The Phantom Tollbooth

The Phantom Tollbooth

by

Norton Juster

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Tock Character Analysis

Tock is the first real friend that Milo meets in the Lands Beyond. Tock is a watchdog, which means he’s a massive dog whose body is a ticking alarm clock. Despite displaying a gruff demeanor at first, Tock is actually a normal dog in a lot of ways—he loves car rides and interesting smells, and he’s very loyal and dedicated to Milo once they get to know each other. Throughout Milo’s journey, Tock is his constant companion and voice of reason. When Milo gets confused by, for instance, King Azaz’s advisors’ flowery language, Tock observes that using lots of big, fancy words doesn’t make someone wise—using the appropriate words does. But even more importantly, Tock impresses upon Milo the importance of using his time wisely and not wasting it. Watchdogs, Tock explains, exist to make sure that nobody wastes time, which people believe isn’t valuable since there’s so much of it. But actually, Tock suggests, time is a person’s most valuable possession. Because Milo internalizes this lesson, when he returns home to his bedroom he realizes how important it is to tap into his imagination and amuse himself, rather than waste his time being bored and miserable. But Tock also provides more lighthearted comic relief, as when he flies Rhyme, Reason, Milo, and the Humbug down from the Castle in the Air because “time flies.”

Tock Quotes in The Phantom Tollbooth

The The Phantom Tollbooth quotes below are all either spoken by Tock or refer to Tock. For each quote, you can also see the other characters and themes related to it (each theme is indicated by its own dot and icon, like this one:
Knowledge, Learning, and the Purpose of Education Theme Icon
). Note: all page numbers and citation info for the quotes below refer to the Bullseye Books edition of The Phantom Tollbooth published in 1988.
Chapter 3. Welcome to Dictionopolis Quotes

“When they began to count all the time that was available, (…) it seemed as if there was much more than could ever be used. ‘If there’s so much of it, it couldn’t be very valuable,’ was the general opinion, and it soon fell into disrepute. People wasted it and even gave it away. Then we were given the job of seeing that no one wasted time again,” he said, sitting up proudly. “It’s hard work but a noble calling. For you see”—and now he was standing on the seat, one foot on the windshield, shouting with his arms outstretched—“it is our most valuable possession, more precious than diamonds. It marches on, and tide wait for no man, and—”

Related Characters: Tock (speaker), Milo, King Azaz the Unabridged, The Mathemagician
Related Symbols: Time/Tock’s Alarm Clock
Page Number: 34
Explanation and Analysis:
Chapter 4. Confusion in the Market Place Quotes

Milo had never thought much about words before, but these looked so good that he longed to have some.

“Look, Tock,” he cried, “aren’t they wonderful?”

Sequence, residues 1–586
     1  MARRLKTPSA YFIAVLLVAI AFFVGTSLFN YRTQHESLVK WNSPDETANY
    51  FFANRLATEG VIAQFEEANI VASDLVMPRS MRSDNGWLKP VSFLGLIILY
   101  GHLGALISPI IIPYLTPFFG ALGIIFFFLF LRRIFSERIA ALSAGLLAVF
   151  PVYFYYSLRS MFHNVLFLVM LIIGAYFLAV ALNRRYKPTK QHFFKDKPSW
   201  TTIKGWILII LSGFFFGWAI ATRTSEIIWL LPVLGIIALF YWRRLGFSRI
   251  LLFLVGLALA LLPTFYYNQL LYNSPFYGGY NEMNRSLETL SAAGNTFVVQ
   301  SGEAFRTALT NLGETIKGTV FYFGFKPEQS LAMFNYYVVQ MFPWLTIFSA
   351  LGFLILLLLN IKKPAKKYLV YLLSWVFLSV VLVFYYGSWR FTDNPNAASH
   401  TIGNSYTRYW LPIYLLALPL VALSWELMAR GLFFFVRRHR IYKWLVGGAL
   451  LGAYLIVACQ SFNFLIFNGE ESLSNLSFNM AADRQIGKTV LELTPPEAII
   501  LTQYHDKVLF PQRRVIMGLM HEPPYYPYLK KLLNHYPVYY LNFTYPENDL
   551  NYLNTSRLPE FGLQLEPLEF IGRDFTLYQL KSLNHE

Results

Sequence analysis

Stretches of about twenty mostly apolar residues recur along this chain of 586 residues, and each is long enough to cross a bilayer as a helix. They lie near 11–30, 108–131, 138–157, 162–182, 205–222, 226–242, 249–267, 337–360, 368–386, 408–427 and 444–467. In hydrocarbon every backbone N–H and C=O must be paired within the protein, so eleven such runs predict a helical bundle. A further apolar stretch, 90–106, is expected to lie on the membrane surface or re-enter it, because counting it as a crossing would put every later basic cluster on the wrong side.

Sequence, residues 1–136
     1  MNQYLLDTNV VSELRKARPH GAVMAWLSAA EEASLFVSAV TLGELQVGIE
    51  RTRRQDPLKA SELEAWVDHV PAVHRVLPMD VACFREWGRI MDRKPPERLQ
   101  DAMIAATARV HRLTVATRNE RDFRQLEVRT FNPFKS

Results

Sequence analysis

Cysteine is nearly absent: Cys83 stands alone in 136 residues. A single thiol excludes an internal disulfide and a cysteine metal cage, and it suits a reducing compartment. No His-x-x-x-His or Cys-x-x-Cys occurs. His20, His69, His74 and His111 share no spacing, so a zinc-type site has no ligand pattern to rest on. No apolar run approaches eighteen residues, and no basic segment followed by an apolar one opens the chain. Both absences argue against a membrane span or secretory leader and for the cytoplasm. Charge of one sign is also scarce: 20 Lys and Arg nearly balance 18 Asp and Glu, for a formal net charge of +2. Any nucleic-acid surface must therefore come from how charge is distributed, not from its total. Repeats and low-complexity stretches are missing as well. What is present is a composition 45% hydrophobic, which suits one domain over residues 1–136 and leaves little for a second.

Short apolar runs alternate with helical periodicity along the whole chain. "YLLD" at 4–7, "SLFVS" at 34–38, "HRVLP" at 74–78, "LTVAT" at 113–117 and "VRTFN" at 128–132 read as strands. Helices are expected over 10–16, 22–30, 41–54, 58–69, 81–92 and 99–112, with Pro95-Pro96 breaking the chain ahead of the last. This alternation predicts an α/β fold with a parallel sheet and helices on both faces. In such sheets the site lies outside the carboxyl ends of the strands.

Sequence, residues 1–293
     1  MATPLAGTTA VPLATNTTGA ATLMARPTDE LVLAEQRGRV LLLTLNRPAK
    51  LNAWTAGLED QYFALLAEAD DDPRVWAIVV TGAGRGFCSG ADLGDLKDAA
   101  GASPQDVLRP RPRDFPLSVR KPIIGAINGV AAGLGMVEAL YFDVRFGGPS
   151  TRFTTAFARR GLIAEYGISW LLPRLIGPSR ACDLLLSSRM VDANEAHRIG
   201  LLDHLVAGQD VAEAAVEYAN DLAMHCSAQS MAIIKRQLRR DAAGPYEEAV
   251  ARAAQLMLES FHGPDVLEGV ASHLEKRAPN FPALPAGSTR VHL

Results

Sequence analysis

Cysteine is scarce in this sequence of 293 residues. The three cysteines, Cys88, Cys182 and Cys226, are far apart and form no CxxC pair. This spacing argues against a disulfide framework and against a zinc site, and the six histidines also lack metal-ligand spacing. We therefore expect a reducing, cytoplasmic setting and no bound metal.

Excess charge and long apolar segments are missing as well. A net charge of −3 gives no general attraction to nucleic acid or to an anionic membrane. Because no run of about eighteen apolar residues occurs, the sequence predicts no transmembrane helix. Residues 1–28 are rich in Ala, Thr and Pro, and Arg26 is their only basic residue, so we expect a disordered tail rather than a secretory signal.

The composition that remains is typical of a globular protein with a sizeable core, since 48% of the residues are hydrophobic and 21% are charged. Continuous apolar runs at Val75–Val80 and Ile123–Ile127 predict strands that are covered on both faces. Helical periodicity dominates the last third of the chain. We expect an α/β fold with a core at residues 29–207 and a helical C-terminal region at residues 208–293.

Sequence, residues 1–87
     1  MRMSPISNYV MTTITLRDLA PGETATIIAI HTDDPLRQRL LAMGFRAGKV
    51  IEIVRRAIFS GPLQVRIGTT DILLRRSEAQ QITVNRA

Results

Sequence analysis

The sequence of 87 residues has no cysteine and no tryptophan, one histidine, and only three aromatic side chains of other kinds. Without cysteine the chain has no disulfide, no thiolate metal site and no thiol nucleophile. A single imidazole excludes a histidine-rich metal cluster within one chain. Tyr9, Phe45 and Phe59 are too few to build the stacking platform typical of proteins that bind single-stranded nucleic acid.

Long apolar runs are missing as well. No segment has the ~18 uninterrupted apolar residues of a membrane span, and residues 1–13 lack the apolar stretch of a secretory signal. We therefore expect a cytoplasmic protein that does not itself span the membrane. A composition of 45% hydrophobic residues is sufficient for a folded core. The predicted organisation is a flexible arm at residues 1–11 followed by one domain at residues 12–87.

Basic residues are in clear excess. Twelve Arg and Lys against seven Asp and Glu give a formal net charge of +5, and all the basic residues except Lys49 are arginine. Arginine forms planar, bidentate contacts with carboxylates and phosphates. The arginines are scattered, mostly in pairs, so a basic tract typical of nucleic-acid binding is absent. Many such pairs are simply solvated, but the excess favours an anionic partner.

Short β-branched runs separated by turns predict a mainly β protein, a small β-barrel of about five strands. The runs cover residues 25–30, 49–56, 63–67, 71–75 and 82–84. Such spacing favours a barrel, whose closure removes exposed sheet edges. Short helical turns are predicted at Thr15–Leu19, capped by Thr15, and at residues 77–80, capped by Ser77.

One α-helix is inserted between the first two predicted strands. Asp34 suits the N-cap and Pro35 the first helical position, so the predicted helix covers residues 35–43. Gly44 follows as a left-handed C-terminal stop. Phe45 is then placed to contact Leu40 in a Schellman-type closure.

“They’re fine, if you have something to say,” replied Tock in a tired voice, for he was much more interested in finding a bone than in shopping for new words.

Related Characters: Milo (speaker), Tock (speaker), Faintly Macabre
Page Number: 47
Explanation and Analysis:
Chapter 5. Short Shrift Quotes

“That was all many years ago,” she continued; “but they never appointed a new Which, and that explains why today people use as many words as they can and think themselves very wise for doing so. For always remember that while it is wrong to use too few, it is often far worse to use too many.”

Related Characters: Faintly Macabre (speaker), Milo, Tock, King Azaz the Unabridged
Page Number: 68
Explanation and Analysis:
Chapter 6. Faintly Macabre’s Story Quotes

“‘Words and numbers are of equal value for, in the cloak of knowledge, one is warp and the other woof. It is no more important to count the sands than it is to name the stars. Therefore, let both kingdoms live in peace.’”

“Everyone was pleased with the verdict. Everyone, that is, but the brothers, who were beside themselves with anger.

“‘What good are these girls if they cannot settle an argument in someone’s favor?’ they growled, since both were more interested in their own advantage than in the truth.”

Related Characters: Faintly Macabre (speaker), Princess of Pure Reason (speaker), Princess of Sweet Rhyme (speaker), King Azaz the Unabridged (speaker), The Mathemagician (speaker), Milo, Tock
Related Symbols: The Castle in the Air
Page Number: 77
Explanation and Analysis:
Chapter 8. The Humbug Volunteers Quotes

“In this box are all the words I know,” he said. “Most of them you will never need, some you will use constantly, but with them you may ask all the questions which have never been answered and answer all the questions which have never been asked. All the great books of the past and all the ones yet to come are made with these words. With them there is no obstacle you cannot overcome. All you must learn to do is use them well and in the right places.”

Related Characters: King Azaz the Unabridged (speaker), Milo, Tock, The Humbug
Related Symbols: Gifts
Page Number: 98-99
Explanation and Analysis:
Chapter 10. A Colorful Symphony Quotes

“No one paid any attention to how things looked, and as they moved faster and faster everything grew uglier and dirtier, and as everything grew uglier and dirtier they moved faster and faster, and at last a very strange thing began to happen. Because nobody cared, the city slowly began to disappear. Day by day the buildings grew fainter and fainter, and the streets faded away, until at last it was entirely invisible. There was nothing to see at all.”

Related Characters: Alec Bings (speaker), Milo, Tock, The Humbug
Page Number: 118
Explanation and Analysis:

“You see what a dull place the world would be without color?” he said, bowing until his chin almost touched the ground. “But what a pleasure to lead my violins in a serenade of spring green or hear my trumpets blare out the blue sea and then watch the oboes tint it all in warm yellow sunshine. And rainbows are best of all—and blazing neon signs, and taxicabs with stripes, and the soft, muted tones of a foggy day. We play them all.”

Related Characters: Chroma (speaker), Milo, Tock, The Humbug, Alec Bings
Page Number: 125
Explanation and Analysis:
Chapter 12. The Silent Valley Quotes